Wolf Creek Retired Teachers’ Association (WCRTA) History

The Ponoka County Retired Teachers’ Association was organized Oct. 22, 1975 around the kitchen table of Viola Shomshor. The first president was Twig Taylor and the first branch constitution was adopted Feb. 6, 1976. There were twenty-six charter members that originally joined the branch. Twig Taylor, the first president, attended her first provincial ARTA meeting in October of 1976. Edna Stretch Cerveny was the last living charter member, at 103 years old, when she died Oct. 26, 2012. Edna began her twenty-six year teaching career in 1936 at Mound Red with eighteen students in Grades One to Nine. She was also the janitor, and retired in 1973. The first objectives of the branch were to promote social activities, improve the welfare of members, support fellow retired teachers, promote pension improvements, and have an influence on the provincial association. The minutes indicate that the branch joined the Canadian Pension Committee in 1976 to try to improve pensions for seniors.

Following the amalgamation of Ponoka and Lacombe County school boards in the 1990’s the branch name was changed to Ponoka & District Retired Teachers’ Association. In 2013 the branch was renamed the Wolf Creek Retired Teachers’ Association to more accurately reflect and be inclusive of the current membership.

Members of the branch worked on a project for Alberta’s Centennial in 2005. Markers were placed at the site of each of the former rural schools in what is now Ponoka County. The steel pipe signs show the name, the school district number, and the years of operation. The markers pay tribute to pioneers in this area who were dedicated to providing an education for their children and also to the many graduates who went on to higher education. Many retired teachers worked to complete the project. Laura Wierzba compiled the history of each school district and produced a book, Rural Schools of Ponoka County. Eldred and Margaret Stamp, Harry Bourne, and Harold Dootson arranged contracts, painted signs, and transported them to school sites. Selma Stobbe, Juanita Knight, Dorothy Ungstad, and others collected money for the project. Many others helped to locate school sites and arrange for the erection of the signs.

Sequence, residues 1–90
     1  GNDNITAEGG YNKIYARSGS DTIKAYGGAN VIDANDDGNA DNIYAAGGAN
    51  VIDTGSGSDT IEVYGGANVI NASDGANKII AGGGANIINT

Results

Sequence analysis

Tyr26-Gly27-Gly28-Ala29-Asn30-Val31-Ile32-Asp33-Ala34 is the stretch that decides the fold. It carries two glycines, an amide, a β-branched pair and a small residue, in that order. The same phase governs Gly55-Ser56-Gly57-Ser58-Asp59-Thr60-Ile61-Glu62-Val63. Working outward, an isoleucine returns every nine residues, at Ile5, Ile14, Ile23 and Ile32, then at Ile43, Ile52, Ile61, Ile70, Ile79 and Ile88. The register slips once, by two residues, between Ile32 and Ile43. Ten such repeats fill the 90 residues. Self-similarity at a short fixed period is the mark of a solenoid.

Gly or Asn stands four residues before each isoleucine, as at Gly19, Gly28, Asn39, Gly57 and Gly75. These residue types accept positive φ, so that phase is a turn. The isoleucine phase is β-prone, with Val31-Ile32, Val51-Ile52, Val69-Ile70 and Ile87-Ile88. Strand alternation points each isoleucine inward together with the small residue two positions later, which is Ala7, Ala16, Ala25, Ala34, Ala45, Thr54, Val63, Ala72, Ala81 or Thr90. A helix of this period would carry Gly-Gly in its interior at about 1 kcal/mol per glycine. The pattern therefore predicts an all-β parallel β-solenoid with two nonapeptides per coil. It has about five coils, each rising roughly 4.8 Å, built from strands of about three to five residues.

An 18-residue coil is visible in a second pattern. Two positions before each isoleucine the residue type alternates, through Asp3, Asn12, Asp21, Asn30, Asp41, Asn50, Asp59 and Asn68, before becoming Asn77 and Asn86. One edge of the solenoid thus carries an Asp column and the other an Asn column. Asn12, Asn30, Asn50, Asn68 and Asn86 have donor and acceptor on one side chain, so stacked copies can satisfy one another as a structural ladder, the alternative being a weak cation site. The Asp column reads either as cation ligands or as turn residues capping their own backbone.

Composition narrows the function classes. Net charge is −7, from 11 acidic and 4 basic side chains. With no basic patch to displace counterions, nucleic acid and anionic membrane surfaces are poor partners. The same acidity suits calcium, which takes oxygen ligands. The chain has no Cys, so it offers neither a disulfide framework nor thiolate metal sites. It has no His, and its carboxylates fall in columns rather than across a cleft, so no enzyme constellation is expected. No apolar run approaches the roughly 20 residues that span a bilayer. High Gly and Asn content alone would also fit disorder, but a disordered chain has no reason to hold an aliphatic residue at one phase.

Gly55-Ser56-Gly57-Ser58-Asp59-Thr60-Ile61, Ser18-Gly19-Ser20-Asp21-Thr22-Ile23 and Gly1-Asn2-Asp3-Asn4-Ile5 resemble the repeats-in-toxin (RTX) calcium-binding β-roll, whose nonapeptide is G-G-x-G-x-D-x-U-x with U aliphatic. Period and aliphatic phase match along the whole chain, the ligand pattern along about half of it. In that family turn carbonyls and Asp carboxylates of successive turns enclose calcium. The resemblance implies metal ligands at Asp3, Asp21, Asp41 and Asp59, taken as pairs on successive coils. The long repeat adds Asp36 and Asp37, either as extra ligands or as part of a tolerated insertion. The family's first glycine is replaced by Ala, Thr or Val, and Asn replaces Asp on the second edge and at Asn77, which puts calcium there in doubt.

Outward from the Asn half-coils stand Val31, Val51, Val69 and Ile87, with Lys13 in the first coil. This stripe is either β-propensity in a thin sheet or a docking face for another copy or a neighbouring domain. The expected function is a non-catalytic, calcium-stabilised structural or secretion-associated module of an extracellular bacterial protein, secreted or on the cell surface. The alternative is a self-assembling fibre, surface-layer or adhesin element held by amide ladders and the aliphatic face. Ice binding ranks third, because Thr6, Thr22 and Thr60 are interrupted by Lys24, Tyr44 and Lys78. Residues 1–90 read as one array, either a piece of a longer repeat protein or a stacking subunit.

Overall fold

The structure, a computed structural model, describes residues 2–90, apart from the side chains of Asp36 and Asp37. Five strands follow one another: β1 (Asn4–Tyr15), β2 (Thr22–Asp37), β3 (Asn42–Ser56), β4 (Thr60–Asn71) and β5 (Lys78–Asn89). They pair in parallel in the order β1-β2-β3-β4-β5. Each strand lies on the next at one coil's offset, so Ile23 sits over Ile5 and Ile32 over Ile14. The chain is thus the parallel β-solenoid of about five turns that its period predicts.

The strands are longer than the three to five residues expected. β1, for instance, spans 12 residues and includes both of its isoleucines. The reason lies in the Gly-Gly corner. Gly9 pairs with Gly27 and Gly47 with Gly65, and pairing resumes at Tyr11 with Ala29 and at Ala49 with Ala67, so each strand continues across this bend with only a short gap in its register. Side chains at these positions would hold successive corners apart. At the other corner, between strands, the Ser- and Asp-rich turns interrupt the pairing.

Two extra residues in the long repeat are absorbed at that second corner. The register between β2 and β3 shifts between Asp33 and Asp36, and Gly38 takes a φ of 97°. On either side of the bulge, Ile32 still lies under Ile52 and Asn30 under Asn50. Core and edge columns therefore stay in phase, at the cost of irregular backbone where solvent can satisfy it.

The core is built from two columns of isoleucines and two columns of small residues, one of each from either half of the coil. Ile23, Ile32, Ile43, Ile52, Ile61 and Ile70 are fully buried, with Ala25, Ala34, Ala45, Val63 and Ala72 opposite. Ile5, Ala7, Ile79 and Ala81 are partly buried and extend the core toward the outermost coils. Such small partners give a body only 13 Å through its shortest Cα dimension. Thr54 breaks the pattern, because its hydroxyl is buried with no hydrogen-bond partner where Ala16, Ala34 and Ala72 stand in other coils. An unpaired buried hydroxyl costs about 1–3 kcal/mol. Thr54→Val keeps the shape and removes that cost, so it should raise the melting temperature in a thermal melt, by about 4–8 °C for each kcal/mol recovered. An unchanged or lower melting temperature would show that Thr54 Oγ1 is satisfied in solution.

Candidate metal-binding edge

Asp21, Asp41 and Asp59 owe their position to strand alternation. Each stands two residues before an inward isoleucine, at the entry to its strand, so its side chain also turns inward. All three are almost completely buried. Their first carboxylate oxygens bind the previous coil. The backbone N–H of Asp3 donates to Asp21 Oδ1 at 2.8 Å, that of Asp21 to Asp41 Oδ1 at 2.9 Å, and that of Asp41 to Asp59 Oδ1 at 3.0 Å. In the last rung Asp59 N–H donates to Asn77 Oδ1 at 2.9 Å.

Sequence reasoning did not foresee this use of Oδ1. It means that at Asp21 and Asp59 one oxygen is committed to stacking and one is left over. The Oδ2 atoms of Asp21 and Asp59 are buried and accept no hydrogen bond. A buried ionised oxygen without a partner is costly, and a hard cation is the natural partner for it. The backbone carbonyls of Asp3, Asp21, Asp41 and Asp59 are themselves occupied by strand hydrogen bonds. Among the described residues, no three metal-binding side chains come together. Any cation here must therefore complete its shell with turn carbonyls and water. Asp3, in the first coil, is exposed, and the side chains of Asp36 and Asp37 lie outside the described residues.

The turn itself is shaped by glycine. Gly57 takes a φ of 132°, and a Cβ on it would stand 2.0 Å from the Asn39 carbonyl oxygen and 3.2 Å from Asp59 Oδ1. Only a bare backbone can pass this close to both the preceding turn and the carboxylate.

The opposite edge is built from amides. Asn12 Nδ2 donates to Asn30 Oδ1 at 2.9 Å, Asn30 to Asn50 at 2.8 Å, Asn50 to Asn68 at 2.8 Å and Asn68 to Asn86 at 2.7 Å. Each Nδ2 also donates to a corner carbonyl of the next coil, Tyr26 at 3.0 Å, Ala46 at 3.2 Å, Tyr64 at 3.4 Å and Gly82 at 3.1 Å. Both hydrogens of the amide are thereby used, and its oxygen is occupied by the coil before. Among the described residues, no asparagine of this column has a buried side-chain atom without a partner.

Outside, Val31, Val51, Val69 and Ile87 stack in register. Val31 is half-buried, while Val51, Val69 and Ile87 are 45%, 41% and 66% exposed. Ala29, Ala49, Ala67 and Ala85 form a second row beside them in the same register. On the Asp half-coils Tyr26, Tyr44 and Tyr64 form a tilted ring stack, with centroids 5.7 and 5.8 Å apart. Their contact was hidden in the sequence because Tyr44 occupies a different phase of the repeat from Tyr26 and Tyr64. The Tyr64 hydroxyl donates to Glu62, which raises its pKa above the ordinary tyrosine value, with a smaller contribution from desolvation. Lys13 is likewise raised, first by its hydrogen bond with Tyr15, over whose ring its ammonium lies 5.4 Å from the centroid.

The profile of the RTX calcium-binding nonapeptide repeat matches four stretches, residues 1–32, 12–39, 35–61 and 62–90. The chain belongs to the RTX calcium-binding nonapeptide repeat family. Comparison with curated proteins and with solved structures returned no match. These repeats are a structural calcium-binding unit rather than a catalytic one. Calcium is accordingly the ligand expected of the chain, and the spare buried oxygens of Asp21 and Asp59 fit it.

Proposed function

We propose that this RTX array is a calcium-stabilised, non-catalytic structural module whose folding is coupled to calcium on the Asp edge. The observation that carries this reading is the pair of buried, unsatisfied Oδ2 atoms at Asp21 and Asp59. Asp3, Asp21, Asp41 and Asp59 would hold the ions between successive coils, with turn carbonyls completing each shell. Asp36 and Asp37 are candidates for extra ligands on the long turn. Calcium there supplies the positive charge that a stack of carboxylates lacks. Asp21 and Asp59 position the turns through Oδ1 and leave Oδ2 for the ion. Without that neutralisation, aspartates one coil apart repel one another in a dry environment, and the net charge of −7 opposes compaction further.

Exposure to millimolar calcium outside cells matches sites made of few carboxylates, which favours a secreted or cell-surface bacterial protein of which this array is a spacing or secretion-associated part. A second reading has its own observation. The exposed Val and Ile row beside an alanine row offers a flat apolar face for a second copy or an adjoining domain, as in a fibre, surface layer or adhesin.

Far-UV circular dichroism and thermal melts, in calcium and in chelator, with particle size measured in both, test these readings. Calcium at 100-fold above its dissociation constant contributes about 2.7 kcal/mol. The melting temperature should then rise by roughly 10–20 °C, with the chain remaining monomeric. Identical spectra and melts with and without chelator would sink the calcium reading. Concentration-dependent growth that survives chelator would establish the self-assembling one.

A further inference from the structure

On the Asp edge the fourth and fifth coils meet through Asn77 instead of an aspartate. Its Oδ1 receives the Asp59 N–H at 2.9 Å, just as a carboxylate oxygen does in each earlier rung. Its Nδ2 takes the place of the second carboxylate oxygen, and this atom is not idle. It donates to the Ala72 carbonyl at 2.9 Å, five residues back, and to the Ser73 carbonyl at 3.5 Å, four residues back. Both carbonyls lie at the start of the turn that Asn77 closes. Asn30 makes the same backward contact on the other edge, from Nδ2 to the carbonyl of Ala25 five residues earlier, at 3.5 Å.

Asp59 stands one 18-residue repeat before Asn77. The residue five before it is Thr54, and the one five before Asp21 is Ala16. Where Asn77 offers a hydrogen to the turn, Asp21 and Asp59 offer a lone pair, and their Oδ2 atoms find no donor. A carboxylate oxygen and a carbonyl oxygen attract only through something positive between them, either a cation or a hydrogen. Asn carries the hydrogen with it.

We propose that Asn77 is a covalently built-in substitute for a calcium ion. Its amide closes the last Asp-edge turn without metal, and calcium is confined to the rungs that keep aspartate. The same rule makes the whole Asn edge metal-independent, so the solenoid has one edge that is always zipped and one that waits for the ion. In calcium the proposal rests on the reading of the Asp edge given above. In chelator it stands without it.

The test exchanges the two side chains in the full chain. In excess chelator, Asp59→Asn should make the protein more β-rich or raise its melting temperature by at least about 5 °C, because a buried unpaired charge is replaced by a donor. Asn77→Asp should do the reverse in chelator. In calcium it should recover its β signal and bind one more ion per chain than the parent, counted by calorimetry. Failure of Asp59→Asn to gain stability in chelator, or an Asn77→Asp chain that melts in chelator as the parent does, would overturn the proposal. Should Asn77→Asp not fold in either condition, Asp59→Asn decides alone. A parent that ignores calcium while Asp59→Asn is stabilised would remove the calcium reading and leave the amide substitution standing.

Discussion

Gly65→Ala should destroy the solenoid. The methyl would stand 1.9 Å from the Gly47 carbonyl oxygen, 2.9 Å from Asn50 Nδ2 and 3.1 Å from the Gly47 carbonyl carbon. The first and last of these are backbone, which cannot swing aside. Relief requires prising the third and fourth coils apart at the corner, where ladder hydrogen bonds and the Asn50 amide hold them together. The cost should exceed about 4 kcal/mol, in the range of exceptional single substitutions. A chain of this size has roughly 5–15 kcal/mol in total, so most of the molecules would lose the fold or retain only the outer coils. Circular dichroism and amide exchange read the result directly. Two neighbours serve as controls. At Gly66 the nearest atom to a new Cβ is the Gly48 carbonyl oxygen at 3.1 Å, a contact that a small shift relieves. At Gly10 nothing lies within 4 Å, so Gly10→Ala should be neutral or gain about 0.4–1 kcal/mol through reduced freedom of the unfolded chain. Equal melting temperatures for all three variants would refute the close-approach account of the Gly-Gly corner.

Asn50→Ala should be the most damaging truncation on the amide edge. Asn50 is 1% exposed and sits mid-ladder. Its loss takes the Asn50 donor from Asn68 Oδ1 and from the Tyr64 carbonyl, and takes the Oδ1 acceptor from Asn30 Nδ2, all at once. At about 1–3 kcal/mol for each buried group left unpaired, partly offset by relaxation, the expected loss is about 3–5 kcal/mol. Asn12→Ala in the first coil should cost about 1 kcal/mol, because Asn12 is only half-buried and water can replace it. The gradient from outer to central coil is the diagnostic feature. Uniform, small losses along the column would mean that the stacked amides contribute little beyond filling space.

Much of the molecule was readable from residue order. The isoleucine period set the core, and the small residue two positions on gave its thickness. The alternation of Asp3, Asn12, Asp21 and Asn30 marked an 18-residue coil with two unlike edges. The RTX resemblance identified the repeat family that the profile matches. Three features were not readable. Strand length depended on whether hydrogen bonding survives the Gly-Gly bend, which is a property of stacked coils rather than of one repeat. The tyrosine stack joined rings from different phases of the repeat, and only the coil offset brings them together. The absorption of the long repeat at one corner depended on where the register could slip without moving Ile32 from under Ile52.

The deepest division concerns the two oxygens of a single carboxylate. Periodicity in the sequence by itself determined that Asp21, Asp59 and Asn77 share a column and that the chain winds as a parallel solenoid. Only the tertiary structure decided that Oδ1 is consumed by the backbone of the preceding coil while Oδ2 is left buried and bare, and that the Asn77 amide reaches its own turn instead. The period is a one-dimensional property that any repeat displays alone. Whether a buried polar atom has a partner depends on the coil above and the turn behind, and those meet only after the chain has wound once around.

Wolf Creek retired teachers are active in their communities with volunteering and involvement in various organizations. A number have been recognized for that service to their communities. Some examples are Laura Wierzba who was honoured with the Morna Chorney Heart and Soul Award, Russell Petterson and Velma Hart who received the Rita Scott Community Service Award, and Dorothy Houghton who received the Queen’s Diamond Jubilee Medal. Many Wolf Creek retired teachers have served in a variety of positions with the Alberta Retired Teachers’ Association. Two that have contributed to the association for a number of years are Dorothy Ungstad and Juanita Knight. Among the roles that Dorothy took on was trustee and chair of the Benefit Plan Trust Fund. Among the roles that Juanita took on was vice-president, president, and past-president of the association.

Branch meetings and events have been held in a variety of locations such as restaurants, schools, and rural community halls. In recent years the branch has utilized a seniors’ drop in center. Branch events are always lively with conversation, catching up, and sharing.